A Nigerian human rights group has asked the Supreme Court to force the government to publish a settlement with Twitter that led to the restoration of the social media company’s services last month after a six-month ban.
Nigeria suspended Twitter last June after the US company removed a post by President Muhammadu Buhari that threatened to punish regional secessionists.
Last month, the Nigerian government said it was lifting the ban after Twitter agreed to open a local office and work with the government to develop a code of conduct, among other agreements.
The Socio-Economic Rights and Responsibility Project (SERAP) said on Sunday that it has filed a lawsuit to compel President Buhari and his Information Minister, Lai Mohammed, to publish a copy of the agreement to ensure it does not include agreements that could compromise freedom of expression. expression.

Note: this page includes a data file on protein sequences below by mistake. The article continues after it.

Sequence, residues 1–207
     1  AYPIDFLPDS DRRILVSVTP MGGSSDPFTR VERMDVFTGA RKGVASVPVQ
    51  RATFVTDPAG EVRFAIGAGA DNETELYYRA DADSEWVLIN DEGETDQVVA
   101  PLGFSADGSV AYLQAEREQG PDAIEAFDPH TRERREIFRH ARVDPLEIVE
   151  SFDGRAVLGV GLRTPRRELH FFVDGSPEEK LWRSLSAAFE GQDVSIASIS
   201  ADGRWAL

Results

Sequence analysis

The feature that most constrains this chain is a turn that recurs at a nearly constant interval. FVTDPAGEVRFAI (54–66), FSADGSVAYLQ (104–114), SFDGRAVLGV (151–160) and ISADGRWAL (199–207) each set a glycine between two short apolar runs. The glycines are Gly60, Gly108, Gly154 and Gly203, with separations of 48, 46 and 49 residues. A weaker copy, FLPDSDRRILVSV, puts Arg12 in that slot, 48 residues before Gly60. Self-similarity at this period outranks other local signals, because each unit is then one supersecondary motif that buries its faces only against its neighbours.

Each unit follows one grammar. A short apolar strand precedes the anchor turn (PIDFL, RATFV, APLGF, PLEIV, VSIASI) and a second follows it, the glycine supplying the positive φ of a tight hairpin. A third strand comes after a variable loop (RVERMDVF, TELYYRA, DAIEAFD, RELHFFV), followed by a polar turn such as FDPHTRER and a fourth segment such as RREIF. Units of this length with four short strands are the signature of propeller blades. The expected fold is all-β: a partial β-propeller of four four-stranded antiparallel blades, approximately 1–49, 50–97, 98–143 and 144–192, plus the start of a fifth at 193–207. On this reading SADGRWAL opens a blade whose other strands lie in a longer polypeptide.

“Publication of the agreement would allow Nigerians to review it, seek legal recourse as appropriate, and ensure that the conditions for lifting the suspension of Twitter are not used as pretexts to suppress legitimate speech,” said a copy of the court’s brief.
SERAP said the government ignored its request made in January for a copy of the agreement.
There were no immediate comments from the presidency and the information ministry.
Last June, SERAP and other groups went to court to fight the Twitter ban, arguing that it was a human rights violation.
The Court of Justice of the Economic Community of West African States is due to decide this week whether to go ahead and rule on SERAP’s challenge to the Twitter ban. The government, however, wants the courts to dismiss the case, arguing that it has been overtaken by events.
© Thomson Reuters 2022